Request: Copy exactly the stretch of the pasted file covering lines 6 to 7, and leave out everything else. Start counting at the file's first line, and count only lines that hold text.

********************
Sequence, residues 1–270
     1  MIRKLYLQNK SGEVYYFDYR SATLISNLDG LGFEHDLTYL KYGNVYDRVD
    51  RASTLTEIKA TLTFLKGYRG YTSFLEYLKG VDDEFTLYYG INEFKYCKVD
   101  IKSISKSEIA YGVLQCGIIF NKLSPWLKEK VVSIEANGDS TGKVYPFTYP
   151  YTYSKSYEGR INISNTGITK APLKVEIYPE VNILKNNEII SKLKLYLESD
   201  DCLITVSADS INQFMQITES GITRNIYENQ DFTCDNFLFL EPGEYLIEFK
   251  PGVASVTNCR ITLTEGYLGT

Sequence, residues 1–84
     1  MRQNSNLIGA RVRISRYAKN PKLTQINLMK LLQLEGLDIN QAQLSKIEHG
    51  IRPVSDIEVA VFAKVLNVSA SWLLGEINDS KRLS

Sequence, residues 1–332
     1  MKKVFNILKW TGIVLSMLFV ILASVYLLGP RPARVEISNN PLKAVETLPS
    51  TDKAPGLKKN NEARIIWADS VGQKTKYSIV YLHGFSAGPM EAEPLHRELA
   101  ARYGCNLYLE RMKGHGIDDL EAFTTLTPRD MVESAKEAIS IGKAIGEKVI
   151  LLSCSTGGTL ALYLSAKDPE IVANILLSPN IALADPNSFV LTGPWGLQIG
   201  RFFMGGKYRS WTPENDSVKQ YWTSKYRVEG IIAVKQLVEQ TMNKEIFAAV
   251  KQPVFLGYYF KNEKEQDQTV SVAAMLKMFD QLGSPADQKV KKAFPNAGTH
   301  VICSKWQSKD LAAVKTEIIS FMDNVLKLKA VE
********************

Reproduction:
   201  DCLITVSADS INQFMQITES GITRNIYENQ DFTCDNFLFL EPGEYLIEFK
   251  PGVASVTNCR ITLTEGYLGT